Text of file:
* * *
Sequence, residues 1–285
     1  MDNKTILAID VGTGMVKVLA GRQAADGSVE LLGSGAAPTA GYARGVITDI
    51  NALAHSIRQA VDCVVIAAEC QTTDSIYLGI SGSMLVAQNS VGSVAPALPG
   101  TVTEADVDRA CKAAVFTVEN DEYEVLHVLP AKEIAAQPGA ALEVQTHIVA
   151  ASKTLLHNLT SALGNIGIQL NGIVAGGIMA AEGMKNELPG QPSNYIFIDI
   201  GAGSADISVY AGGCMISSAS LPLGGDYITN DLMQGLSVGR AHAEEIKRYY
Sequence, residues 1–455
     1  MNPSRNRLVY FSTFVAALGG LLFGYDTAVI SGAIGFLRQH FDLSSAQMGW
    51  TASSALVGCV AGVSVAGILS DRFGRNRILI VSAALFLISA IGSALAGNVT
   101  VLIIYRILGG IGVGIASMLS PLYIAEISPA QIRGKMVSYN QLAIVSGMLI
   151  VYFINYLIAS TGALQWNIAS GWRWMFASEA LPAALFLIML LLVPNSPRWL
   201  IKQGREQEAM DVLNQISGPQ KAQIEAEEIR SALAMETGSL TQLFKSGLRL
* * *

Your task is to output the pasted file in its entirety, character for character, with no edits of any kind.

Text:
Sequence, residues 1–285
     1  MDNKTILAID VGTGMVKVLA GRQAADGSVE LLGSGAAPTA GYARGVITDI
    51  NALAHSIRQA VDCVVIAAEC QTTDSIYLGI SGSMLVAQNS VGSVAPALPG
   101  TVTEADVDRA CKAAVFTVEN DEYEVLHVLP AKEIAAQPGA ALEVQTHIVA
   151  ASKTLLHNLT SALGNIGIQL NGIVAGGIMA AEGMKNELPG QPSNYIFIDI
   201  GAGSADISVY AGGCMISSAS LPLGGDYITN DLMQGLSVGR AHAEEIKRYY
Sequence, residues 1–455
     1  MNPSRNRLVY FSTFVAALGG LLFGYDTAVI SGAIGFLRQH FDLSSAQMGW
    51  TASSALVGCV AGVSVAGILS DRFGRNRILI VSAALFLISA IGSALAGNVT
   101  VLIIYRILGG IGVGIASMLS PLYIAEISPA QIRGKMVSYN QLAIVSGMLI
   151  VYFINYLIAS TGALQWNIAS GWRWMFASEA LPAALFLIML LLVPNSPRWL
   201  IKQGREQEAM DVLNQISGPQ KAQIEAEEIR SALAMETGSL TQLFKSGLRL